BRL: Braille through Remote Learning

Intro to Braille Course

Session 3 page
Session Objectives

Session Topics
  • Braille Punctuation
  • Braille Special Symbols

  • Writing Exercise
  • Reading Exercise

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  • Transcribers Course
  • Special Codes Course


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  • Session 3: Braille Punctuation

    Text Version

    Session 3: Braille Punctuation

    Braille contains the same punctuation marks as is found in print. These marks, with their braille equivalents. are shown in the table below. BE PATIENT while the table loads, it's a long one!

    bar (oblique stroke)/34
    opening bracket/brace[62356
    closing bracket/brace]23563
    double dash__36363636
    decimal point.
    dollar sign$256
    exclamation point!235
    fraction line/ or __34
    number sign#3456
    opening parenthesis(2356
    closing parenthesis)2356
    pence (sterling coinaged145
    pound (sterling coinage)£123
    question mark?236
    double opening quotation mark"236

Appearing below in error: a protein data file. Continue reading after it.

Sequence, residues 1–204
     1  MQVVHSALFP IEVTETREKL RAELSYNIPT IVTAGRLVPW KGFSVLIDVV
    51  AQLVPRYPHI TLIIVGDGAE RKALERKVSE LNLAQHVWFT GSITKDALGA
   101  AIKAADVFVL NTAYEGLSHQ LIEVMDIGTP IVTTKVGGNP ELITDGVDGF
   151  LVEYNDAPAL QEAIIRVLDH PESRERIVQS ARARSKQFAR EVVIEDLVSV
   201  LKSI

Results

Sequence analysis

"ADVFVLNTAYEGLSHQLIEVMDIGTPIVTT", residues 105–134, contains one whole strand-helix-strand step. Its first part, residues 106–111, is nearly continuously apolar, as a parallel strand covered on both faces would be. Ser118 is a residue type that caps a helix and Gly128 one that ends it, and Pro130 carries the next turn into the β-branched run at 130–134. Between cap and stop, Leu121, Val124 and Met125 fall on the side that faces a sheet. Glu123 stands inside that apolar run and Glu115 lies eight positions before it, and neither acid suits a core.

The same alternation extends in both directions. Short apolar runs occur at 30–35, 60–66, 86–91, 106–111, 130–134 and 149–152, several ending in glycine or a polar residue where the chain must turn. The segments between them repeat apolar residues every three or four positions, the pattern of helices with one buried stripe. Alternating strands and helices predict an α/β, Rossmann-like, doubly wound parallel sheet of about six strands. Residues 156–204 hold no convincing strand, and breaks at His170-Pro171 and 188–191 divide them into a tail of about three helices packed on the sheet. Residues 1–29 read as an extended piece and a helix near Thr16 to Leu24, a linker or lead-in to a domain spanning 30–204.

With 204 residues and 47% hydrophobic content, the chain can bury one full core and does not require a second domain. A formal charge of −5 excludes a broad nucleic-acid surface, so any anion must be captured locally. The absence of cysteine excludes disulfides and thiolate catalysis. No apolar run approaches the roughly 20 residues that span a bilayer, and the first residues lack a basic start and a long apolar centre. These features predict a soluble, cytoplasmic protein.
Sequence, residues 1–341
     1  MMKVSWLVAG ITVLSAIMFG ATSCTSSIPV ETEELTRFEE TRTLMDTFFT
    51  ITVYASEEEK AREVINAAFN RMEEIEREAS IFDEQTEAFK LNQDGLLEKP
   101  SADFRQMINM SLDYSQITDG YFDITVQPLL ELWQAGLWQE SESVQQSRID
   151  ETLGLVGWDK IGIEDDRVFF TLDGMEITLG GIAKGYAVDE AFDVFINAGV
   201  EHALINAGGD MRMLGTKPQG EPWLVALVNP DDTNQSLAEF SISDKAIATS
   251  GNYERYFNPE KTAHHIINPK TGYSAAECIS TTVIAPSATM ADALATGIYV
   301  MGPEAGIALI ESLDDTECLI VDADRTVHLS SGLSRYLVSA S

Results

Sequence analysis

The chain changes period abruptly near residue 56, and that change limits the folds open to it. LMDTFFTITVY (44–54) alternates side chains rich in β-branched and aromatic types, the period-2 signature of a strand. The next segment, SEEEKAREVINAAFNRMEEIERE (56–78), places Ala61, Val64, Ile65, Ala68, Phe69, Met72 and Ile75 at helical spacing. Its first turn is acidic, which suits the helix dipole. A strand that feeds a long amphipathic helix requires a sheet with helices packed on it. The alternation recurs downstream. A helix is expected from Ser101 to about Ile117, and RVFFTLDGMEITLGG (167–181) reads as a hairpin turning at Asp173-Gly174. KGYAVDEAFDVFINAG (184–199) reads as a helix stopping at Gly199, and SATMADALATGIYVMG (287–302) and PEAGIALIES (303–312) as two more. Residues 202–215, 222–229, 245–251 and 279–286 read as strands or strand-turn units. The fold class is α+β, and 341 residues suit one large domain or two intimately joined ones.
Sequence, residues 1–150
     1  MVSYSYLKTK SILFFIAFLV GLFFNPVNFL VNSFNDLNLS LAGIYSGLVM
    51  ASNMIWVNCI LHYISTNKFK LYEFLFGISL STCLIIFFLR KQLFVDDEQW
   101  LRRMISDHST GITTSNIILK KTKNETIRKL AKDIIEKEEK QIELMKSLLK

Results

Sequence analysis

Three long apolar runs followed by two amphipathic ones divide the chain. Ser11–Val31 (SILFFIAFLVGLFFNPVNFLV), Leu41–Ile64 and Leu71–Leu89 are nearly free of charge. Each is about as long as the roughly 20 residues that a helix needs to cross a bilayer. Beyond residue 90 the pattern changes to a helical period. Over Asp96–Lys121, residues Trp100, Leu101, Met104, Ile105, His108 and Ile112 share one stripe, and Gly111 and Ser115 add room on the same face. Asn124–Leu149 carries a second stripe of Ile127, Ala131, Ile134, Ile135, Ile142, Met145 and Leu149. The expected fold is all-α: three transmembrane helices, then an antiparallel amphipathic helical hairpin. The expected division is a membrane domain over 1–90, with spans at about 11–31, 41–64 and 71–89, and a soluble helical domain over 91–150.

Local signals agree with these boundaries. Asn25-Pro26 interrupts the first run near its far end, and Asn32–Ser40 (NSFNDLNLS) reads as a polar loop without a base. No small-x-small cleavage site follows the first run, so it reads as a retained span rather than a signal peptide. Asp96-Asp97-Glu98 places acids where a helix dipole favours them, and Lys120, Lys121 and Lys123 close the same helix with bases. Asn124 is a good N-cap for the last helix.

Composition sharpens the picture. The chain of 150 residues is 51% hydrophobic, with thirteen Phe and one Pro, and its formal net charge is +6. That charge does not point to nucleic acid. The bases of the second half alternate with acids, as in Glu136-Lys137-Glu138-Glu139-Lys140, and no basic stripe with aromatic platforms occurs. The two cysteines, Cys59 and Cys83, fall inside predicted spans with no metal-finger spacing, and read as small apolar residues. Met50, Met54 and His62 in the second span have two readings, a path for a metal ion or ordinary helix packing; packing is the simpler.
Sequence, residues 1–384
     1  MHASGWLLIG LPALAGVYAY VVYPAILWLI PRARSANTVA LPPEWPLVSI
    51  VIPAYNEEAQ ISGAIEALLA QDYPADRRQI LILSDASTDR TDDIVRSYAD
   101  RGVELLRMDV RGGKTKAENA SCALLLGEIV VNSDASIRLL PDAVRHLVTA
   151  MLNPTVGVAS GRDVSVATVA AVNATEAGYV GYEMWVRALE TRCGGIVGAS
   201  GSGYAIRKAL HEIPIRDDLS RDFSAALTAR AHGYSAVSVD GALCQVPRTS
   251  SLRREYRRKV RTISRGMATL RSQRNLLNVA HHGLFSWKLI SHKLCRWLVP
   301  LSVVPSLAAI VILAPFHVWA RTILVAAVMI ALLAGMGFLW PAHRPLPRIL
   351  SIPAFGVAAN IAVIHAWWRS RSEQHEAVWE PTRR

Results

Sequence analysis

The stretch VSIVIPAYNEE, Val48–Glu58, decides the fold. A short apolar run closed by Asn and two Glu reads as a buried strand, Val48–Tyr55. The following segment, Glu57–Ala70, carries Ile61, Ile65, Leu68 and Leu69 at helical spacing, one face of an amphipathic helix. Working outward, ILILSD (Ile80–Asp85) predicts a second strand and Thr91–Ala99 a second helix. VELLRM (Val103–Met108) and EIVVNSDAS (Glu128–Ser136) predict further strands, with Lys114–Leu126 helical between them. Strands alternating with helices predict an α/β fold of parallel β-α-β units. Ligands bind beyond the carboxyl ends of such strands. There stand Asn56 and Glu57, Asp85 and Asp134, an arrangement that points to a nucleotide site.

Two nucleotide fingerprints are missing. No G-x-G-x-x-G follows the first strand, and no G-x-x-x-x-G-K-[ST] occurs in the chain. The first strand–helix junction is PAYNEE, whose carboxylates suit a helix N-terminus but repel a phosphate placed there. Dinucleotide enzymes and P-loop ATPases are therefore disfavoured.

double closing quotation mark"356
    single opening quotation mark'6
    single closing quotation mark'3563
    section sign§2343
    shilling (sterling coinage)s234

    General Usage:

    Braille punctuation marks follow that of print. For example, in the sentence:

    boy, he sure was afraid!

    the braille would look like:

    S3ex 1

    Notice that in the braille, the spacing is the same as you would see in print. One exception to this rule is one space after a period, unlike two as is normally the case in print.

    Specific Rules for punctuation marks:

    Quotation marks:

    Normally, double quotation marks are used for the outermost quotations, and single quotes are used on inside quoted material, such as in:

    "Bob says that the show 'Melrose Place' is not his favorite," said Kim.